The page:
I have personally been called a homophobe, bigot, hatemonger, what-have-you by those who oppose me taking the position that homosexuality is a sin. There are also laws on the books in Canada that would define my stating of my position as a hate crime. There is also a movement in this country to put these same laws on our books. This is what I am reacting to. I have no more rights than any gay person, but the converse is also true. They have no more rights than I.

    If you want to get an interesting discussion going about the likening of the gay rights movement to the civil rights movement of the “70’s, just talk to a person of color who is part of an evangelical church. I think you will hear a different viewpoint. A number of years ago, I heard Chuck Colson say it this way, “They don’t want my permission. They can do whatever they want. What they want is my praise, and they will never get that.”

    One of the accusations that seems to be coming through against the ELCA is that their position on homosexuality is flawed and they should have not made it. It is that opinion that I disagree with, and, if I understand what you are saying, it appears you disagree with that opinion, also. You two are very reasonable people.

    As far as me being excluded from a job because I am white, affirmantive action has made this commonplace. If a place of employment is trying to achieve “racial balance”, and I and a person of color both applied for a position, I could legally be passed over in liew of the person of color no matter what the qualifications might be. Also, if I was a college student, could I apply for and recieve a scholarship from any of the person of color scholarship funds? And, do I really have freedom to express my position on homosexuality openly without fear of recrimination, especially here in Northfield? Just wondering.

    It would also be interesting to hear some of the edicts of the Koran and the Muslim community on this subject. This is an area in which I have no expertise, although I have heard a couple of observations.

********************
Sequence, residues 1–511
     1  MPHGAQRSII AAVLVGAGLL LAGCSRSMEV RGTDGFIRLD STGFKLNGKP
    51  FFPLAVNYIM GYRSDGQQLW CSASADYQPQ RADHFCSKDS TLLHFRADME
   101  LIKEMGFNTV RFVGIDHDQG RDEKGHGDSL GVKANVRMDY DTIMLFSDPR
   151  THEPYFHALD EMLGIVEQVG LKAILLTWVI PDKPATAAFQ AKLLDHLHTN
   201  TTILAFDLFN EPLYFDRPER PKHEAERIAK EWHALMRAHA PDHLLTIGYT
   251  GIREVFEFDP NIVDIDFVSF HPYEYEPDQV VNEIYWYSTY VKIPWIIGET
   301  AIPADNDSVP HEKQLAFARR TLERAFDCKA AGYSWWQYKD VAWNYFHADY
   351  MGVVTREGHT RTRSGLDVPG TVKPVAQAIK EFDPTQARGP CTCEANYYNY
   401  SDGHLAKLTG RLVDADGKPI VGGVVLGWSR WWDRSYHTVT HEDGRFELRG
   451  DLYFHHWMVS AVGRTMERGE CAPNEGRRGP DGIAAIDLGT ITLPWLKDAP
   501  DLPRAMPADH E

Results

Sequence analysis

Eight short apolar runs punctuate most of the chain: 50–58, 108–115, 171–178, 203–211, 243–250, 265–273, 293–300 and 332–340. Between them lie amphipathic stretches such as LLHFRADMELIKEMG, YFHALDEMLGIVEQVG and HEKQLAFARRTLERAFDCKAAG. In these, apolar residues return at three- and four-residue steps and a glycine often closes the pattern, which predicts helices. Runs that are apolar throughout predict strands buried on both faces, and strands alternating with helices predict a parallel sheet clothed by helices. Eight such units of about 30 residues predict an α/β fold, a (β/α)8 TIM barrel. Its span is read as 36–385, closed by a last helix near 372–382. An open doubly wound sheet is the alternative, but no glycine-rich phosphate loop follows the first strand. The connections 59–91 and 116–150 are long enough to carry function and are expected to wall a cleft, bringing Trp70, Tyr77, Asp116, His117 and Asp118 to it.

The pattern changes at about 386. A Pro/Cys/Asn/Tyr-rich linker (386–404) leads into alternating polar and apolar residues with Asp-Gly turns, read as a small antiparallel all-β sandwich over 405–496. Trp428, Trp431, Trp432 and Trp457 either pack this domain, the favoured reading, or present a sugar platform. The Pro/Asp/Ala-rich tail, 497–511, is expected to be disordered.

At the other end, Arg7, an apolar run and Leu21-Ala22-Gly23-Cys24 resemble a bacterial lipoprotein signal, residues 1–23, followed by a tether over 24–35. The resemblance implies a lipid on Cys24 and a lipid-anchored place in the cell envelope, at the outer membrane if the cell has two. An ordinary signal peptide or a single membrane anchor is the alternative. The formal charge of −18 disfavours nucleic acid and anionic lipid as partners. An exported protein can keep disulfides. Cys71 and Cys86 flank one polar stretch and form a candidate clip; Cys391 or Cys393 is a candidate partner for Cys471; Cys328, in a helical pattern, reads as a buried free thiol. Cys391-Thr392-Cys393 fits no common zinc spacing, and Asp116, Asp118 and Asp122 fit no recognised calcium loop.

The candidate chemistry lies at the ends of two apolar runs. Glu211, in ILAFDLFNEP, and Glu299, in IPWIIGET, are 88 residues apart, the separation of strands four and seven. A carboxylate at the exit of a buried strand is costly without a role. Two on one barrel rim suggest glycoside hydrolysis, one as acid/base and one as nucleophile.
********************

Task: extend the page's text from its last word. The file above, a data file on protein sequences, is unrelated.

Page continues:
April 6, 2008
  15. Paul Fried said:

    I think John G. is talking more about church than civil laws, and in some traditions, they take certain parts of the bible very literally, and have a tradition of interpreting certain passages in certain ways. In other traditions, they pay more attention to the actual details of the biblical text, and to the culture in which the story was produced, and less attention, perhaps, to some traditional interpretations that may distort the original meaning.

    But things change: Even during Jesus’ time before the crucifixion, the scriptures show him as being open to change. He emphasizes that it’s better for people to be like the Good Samaritan than to be restricted by obscure religious laws that keep people from being kind to one another (on the Sabbath or otherwise). He heals the sick and cures the lame on the Sabbath.

    So then Christians who are payingt attention might be in a biblical pickle: If Jesus was clear about the fact that some things do change, and should, then what should change, and what should not? They prohibited eating shellfish, owlmeat and pork in the Old Testament. We eat some of that now (tho’ I haven’t had an owlburger in a while). Jesus might be very saddened by some modern industrial practices related to livestock.

    Was the prohibition of homosexuality a cultural thing related to patriarchy and various forms of oppression or injustice that we see now, and are we ready (in the spirit of Jesus?) to move on? Or is homosexuality one of those things that is “unnatural” and will always be condemned? (Probably by some Christian denominations).

    I have been an interested follower of these discussions for many years. When I was a church music director, some of the kindest, most generous and talented people of good conscience that I knew were certain music directors who were gay, some of whom have since died of AIDS.